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Where the Beat Goes On

Yoga pose

Jill Ernst’s first cardiac episode occurred nine years ago during the birth of her triplets. Her physician advised the new mother to see a cardiologist. But Ernst attributed the heart issue to the stress of delivering three babies by cesarean section, so she decided to forego visiting the heart specialist.

Her second cardiac event in December 2019, though, was more alarming. Ernst was taking part in a barre class when she suddenly sensed her heart racing.

“I had this overwhelming, light-headed feeling, as if I was going to faint,” she recalled. “It was the first time I had experienced something like that.” She felt well enough to drive to a nearby walk-in clinic in Greenwich. An electrocardiogram (EKG) registered her heart rate in the 180s, far above the normal resting rate, which is usually between 60 and 100 beats per minute. “They assured me, though, that I wasn’t having a heart attack.”

Still, they recommended Ernst, then 43 years old, take an ambulance to Greenwich Hospital’s Emergency Department, where the cardiologist on duty administered another EKG and a chest X-ray, neither of which indicated any heart disorders. “He said such episodes are not uncommon and there was no reason to be admitted to the hospital,” she said. He did prescribe a beta blocker medication used to manage abnormal heart rhythms.

Ilir Maraj, MD, and Mary Valenton, APRN

On the advice of her primary care provider, Ernst saw Ilir Maraj, MD, a Yale Medicine electrophysiologist at Greenwich Hospital’s Yale New Haven Health Heart and Vascular Center at 500 West Putnam Avenue in Greenwich. After several tests, Dr. Maraj determined Ernst had supraventricular tachycardia (SVT), a malfunction involving the heart’s electrical system.


What is supraventricular tachycardia?

SVT is an abnormally fast or erratic heartbeat – often called an arrhythmia – that occurs when the normal electrical impulses in the heart’s two upper chambers are disrupted. “The heart rate goes extremely fast and patients experience symptoms such as shortness of breath, chest pain, fatigue, light-headedness, dizziness and palpitations,” said Dr. Maraj, noting that the condition is more common in women.

Ilir Maraj, MD, reviews a patient's test results with (left) Kelly Kulas, RN, and Rose McElwain, RN

While most people are familiar with cardiac conditions involving clogged arteries, many people like Ernst are surprised to learn that the heart also has an intricate electrical system. “The heart is a mechanical pump,” Dr. Maraj said. “However, it has a natural pacemaker that generates electrical signals to the four chambers through specialized fibers, and that’s how the heart beats.” Electrophysiology is a relatively new discipline within interventional cardiology. “I have always been intrigued by heart rhythm issues and the challenges in treating them,” he said.

Medications are the first treatment option for SVT, added Dr. Maraj, who advised Ernst to continue taking the beta blocker and wear a heart monitor to track any recurring arrhythmias. Over the next few months, Ernst experienced another arrhythmia while teaching a yoga class, prompting Dr. Maraj to suggest she undergo an ablation.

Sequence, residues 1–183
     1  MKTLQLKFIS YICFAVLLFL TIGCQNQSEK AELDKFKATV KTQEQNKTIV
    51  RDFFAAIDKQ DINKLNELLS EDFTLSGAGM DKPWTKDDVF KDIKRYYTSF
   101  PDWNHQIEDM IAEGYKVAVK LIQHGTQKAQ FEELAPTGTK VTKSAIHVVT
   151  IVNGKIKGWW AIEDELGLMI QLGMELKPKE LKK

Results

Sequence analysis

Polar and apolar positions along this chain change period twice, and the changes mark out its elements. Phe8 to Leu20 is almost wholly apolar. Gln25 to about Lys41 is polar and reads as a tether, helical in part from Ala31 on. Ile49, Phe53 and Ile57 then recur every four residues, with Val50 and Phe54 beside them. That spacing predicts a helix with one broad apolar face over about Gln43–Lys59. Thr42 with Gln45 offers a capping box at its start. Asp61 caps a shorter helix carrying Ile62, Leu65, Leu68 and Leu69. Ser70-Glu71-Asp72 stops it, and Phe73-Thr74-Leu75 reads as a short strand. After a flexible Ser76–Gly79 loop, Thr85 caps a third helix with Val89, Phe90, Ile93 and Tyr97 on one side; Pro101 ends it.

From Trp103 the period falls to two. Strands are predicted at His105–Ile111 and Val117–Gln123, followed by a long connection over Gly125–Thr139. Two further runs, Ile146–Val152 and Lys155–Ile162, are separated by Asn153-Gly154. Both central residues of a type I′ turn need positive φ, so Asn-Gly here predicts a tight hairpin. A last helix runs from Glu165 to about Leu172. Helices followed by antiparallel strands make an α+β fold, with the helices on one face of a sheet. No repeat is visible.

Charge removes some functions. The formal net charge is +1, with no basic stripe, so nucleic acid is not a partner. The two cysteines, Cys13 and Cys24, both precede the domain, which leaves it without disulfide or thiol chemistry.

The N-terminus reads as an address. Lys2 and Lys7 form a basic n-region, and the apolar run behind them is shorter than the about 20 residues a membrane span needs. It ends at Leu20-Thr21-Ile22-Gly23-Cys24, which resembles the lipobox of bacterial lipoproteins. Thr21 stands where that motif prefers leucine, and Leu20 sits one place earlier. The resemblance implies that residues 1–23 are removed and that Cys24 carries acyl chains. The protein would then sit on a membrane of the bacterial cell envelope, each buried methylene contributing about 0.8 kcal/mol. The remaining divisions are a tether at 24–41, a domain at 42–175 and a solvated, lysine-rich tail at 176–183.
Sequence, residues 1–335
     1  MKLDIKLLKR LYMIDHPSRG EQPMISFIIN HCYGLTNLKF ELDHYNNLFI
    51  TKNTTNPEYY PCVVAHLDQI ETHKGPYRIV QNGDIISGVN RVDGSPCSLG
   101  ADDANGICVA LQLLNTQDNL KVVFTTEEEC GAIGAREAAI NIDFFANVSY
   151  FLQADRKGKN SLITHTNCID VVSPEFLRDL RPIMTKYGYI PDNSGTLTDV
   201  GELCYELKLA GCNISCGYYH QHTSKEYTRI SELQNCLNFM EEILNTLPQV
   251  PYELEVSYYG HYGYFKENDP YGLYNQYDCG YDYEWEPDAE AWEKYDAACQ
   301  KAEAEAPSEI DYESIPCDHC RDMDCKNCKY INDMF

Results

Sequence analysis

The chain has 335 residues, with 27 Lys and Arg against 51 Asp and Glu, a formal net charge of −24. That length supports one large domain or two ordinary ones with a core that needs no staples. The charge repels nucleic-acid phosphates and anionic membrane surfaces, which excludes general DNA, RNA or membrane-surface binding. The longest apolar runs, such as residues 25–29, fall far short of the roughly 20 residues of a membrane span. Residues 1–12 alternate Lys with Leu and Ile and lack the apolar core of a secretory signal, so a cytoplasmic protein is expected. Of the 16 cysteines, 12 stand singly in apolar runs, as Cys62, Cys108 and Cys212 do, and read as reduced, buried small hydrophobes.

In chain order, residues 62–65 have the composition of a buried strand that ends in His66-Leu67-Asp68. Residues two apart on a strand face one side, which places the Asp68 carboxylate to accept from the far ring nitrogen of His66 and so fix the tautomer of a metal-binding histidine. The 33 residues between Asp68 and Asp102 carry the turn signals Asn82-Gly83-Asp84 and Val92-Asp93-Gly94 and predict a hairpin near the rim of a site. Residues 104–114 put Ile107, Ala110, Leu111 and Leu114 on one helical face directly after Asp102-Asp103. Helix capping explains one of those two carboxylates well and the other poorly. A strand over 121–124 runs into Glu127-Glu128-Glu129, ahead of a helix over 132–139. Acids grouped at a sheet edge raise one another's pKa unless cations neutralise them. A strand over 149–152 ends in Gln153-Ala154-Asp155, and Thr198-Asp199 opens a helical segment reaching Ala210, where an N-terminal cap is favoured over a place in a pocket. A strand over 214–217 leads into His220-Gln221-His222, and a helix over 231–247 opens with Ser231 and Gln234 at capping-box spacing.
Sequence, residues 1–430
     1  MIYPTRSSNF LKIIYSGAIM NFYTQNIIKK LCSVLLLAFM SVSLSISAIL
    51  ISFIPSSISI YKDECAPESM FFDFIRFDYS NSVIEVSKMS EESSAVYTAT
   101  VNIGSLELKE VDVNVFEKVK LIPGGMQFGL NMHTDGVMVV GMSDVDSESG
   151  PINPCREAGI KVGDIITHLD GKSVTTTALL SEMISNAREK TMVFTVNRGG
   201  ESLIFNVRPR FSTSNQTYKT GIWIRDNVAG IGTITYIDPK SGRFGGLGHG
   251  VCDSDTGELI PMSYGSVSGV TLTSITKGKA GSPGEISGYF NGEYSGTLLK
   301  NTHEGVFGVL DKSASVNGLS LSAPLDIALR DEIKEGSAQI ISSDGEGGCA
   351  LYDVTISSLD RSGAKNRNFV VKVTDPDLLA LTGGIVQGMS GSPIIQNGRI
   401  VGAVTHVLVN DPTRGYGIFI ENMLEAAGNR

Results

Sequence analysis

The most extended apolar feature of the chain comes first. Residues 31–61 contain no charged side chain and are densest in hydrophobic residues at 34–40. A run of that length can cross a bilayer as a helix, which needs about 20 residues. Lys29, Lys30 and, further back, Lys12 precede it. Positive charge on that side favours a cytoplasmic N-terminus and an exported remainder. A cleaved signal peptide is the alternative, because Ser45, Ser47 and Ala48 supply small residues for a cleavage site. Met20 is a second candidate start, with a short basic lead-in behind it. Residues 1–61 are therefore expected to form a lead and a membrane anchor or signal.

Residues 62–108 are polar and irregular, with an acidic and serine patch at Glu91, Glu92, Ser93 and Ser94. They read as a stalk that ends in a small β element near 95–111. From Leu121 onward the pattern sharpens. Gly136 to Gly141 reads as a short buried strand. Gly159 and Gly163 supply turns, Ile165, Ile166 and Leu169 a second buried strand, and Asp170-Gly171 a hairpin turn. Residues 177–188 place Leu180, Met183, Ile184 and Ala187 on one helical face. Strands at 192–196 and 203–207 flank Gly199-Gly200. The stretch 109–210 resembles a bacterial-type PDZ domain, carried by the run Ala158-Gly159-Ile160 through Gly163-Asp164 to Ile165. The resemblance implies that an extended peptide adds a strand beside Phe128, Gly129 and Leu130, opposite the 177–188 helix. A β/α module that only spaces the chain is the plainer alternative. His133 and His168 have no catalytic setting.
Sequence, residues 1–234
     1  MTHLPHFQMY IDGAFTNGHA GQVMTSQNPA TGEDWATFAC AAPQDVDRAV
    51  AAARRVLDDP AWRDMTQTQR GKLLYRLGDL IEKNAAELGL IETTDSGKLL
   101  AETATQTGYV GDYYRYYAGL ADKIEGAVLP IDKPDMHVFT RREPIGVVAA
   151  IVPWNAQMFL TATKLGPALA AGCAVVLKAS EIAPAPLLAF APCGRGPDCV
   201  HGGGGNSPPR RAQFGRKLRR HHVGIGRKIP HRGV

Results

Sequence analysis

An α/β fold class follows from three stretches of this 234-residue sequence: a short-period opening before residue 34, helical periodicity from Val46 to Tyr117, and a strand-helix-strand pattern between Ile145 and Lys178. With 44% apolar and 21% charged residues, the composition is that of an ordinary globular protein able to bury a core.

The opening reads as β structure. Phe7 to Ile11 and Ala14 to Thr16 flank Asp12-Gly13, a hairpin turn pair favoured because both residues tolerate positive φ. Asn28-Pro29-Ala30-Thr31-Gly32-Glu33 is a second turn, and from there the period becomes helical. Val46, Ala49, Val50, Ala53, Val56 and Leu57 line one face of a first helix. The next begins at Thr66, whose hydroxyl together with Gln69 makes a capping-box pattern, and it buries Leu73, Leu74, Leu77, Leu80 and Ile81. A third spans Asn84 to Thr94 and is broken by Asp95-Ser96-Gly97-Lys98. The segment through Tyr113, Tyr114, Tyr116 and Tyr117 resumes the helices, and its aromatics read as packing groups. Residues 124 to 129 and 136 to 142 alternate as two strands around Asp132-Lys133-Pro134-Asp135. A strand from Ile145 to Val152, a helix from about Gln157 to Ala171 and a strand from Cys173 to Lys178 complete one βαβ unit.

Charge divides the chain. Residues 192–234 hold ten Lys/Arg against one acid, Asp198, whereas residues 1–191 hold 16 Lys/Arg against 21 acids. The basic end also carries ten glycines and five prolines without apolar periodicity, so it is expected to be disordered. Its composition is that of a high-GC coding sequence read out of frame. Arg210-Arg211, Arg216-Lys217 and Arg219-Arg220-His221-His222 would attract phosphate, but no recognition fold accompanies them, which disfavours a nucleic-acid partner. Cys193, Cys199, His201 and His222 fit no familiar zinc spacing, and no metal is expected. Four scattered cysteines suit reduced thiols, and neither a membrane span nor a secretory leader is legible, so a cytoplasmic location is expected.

“An ablation is an elective procedure during which we insert thin, flexible tubes called catheters through the veins on both sides of the groin,” explained Dr. Maraj. “Using electrical sensors on the tips of the catheters, we trigger the same arrhythmia the patient has experienced. We then apply radiofrequency energy or heat to eliminate the abnormal heart tissue emitting the irregular electrical signals that cause SVT. This procedure restores a normal heartbeat.”

Dr. Maraj scheduled Ernst’s ablation at Yale New Haven Hospital in March 2020, “but then COVID-19 hit,” she said, and the hospital suspended many non-urgent surgeries. Ernst didn’t suffer another SVT arrhythmia until last summer. A friend drove her to Greenwich Hospital’s Emergency Department. “I’ve learned that you should never drive yourself if you are experiencing cardiac issues,” said Ernst.

The surgical team at the Electrophysiology Laboratory

Ernst finally had the ablation in October 2021. The delay, she said, proved fortuitous because Greenwich Hospital was performing ablations at its Electrophysiology Laboratory by then. That meant the Greenwich resident could access state-of-the-art treatment without a long commute to New Haven. “Jill received general anesthesia, and the ablation took about three hours,” Dr. Maraj said. While the procedure has a 99 percent success rate, he added, there is a slight risk of bleeding, which Ernst did experience.

“I spent the night in the hospital and went home at noon the next day,” said Ernst. “It was very convenient to have the ablation at Greenwich Hospital and my follow-up appointments with Dr. Maraj at the Heart and Vascular Center. Everything I needed was close to home.”

Ernst saw Dr. Maraj six weeks after the procedure and “everything checked out fine,” she said.

“I have my energy back and do not take any medications. I’m also more conscious about pushing myself too hard. Now after yoga, I take a few minutes to cool down and make sure my heart rate hasn’t gone up,” said Ernst. “It feels great to be back to teaching yoga again.”